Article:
A Brief History of the Christmas Tree

Photo by Irina Iriser on Pexels.com

The Christmas Tree

In many countries throughout history, evergreens were used during festive seasons. This was because people thought that they kept away evil and illness. The Egyptians, Romans, Celts and Vikings, among others, all used evergreens in festivals particularly around the solstice. The Romans marked their mid-winter with a festival called Saturnalia to honor the god Saturn, or their god of agriculture. They used the evergreens as decoration to show that their farms would soon be green again after the winter season.

The origins of the modern Christmas tree as we know it today, link back to the Middle Ages and particularly to Germany in the 15th and 16th centuries. There were a few other areas that also had similar traditions. As the popularity grew over time the traditions generally spread from Germany, especially in America where German settlers had their own trees or trees in their communities. Many in America still saw a Christmas tree as a pagan symbol as late as 1840.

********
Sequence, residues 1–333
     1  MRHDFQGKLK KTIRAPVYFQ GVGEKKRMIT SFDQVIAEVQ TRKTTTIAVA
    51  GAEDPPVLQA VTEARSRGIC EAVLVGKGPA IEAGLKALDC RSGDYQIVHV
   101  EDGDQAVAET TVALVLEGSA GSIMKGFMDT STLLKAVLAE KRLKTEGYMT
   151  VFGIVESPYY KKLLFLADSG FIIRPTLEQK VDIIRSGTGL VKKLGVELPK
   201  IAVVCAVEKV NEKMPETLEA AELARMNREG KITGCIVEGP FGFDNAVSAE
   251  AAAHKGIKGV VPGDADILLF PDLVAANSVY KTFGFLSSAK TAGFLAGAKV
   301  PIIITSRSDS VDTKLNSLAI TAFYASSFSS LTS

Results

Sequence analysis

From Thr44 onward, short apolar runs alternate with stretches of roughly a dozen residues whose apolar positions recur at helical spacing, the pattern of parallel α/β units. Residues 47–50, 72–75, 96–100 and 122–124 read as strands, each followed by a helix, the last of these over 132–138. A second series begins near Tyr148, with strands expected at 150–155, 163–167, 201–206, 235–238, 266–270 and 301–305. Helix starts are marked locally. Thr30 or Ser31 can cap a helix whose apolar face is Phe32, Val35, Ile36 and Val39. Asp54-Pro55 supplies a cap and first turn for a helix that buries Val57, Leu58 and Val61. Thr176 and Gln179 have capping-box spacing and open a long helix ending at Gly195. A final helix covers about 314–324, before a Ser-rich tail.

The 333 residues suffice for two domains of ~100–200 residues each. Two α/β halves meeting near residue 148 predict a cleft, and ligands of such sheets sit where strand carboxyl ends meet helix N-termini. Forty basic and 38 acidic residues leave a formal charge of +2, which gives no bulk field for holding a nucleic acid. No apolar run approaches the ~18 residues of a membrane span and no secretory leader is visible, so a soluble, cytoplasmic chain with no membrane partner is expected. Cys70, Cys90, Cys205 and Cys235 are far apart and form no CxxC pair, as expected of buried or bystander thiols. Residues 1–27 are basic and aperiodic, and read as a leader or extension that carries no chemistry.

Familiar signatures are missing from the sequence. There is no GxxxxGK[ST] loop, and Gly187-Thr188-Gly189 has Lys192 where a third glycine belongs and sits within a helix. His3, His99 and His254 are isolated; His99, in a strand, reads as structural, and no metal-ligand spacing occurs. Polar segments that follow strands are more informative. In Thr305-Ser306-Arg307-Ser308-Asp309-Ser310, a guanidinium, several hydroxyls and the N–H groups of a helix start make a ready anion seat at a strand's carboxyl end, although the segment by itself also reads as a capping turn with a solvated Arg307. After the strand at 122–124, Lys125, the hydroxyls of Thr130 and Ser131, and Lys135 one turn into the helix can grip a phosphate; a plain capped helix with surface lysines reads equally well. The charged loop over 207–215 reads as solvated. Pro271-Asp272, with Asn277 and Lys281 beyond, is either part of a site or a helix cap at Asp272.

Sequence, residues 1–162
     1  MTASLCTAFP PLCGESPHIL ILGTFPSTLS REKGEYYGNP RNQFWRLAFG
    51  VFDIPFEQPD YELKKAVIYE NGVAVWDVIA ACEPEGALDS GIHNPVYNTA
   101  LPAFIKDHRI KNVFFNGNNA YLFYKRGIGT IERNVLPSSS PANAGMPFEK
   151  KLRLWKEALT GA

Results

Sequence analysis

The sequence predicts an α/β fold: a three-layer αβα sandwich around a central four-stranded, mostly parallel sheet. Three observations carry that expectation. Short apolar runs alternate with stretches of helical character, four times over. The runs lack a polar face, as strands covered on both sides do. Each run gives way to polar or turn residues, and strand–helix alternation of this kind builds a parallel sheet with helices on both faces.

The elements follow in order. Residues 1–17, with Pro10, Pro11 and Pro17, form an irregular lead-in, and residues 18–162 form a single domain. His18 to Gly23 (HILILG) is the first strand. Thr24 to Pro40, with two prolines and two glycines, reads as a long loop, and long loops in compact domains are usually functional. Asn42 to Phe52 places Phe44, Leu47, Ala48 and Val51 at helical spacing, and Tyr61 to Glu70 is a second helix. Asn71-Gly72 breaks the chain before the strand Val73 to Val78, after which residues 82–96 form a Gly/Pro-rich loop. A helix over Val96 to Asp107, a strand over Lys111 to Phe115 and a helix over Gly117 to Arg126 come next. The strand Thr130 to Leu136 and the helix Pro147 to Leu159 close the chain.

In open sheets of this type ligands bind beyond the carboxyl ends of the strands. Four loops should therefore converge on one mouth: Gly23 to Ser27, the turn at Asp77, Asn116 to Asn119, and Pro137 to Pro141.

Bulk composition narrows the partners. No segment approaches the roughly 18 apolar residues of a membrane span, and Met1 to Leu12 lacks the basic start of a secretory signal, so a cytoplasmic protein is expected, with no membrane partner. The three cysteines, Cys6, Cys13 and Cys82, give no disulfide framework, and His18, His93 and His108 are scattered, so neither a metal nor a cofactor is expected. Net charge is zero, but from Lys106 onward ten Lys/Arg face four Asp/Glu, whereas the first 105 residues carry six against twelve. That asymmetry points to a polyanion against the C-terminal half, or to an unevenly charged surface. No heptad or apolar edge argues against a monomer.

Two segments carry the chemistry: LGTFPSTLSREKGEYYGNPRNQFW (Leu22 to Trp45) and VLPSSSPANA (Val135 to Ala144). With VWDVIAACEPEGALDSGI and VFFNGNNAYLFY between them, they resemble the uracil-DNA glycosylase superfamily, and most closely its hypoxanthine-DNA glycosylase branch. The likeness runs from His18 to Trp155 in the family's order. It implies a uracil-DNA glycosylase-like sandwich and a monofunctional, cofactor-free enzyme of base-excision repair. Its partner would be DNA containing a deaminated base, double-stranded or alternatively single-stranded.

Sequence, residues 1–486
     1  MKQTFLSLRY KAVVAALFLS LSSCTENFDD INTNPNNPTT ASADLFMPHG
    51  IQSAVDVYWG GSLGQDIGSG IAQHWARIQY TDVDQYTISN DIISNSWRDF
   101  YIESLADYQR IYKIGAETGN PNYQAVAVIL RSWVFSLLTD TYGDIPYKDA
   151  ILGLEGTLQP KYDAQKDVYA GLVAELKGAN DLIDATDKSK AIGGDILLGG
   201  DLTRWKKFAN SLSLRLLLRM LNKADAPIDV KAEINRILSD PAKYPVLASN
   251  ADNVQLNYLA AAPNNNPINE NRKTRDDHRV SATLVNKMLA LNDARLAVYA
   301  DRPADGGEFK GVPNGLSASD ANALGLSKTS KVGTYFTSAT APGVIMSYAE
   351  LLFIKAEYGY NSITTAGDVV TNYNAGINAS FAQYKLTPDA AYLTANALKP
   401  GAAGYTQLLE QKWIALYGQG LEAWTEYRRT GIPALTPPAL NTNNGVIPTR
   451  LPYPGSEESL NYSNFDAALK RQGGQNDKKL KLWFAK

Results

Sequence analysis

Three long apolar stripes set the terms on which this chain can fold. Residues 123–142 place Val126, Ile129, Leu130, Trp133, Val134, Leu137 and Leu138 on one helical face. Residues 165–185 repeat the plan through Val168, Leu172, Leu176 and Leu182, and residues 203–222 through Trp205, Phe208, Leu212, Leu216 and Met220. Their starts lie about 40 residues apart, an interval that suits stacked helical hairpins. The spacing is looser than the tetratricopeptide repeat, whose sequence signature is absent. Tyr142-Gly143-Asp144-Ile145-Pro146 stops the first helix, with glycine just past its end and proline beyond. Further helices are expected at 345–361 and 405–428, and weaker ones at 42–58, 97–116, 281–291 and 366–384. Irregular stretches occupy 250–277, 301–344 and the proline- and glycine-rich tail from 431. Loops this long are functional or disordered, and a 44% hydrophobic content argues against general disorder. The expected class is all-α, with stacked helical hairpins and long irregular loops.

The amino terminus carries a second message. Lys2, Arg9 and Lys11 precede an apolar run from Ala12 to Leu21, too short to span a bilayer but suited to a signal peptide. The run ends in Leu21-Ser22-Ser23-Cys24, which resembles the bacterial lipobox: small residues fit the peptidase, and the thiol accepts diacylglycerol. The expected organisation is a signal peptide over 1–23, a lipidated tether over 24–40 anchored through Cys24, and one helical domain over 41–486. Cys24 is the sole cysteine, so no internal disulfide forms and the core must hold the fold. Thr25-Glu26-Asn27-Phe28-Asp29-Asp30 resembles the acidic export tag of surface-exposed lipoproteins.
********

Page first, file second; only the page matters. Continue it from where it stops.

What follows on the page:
The image that had been published of the family of Queen Victoria and Prince Albert, surrounding their tree in 1848, helped boost the popularity especially as it was reprinted later in America. Trees became popular over time as different communities began to adopt the practice in the late 1800s and early 1900s. While homemade ornaments or those found in nature were used on most trees, it was when electricity came and brought with it Christmas lights that made Christmas trees a yearly tradition. Now, while many use fake trees instead of real trees, the sentiment is still the same.

“The best gifts in life will never be found under a Christmas tree, those gifts are friends, family, children and the one you love.” ~ Unknown


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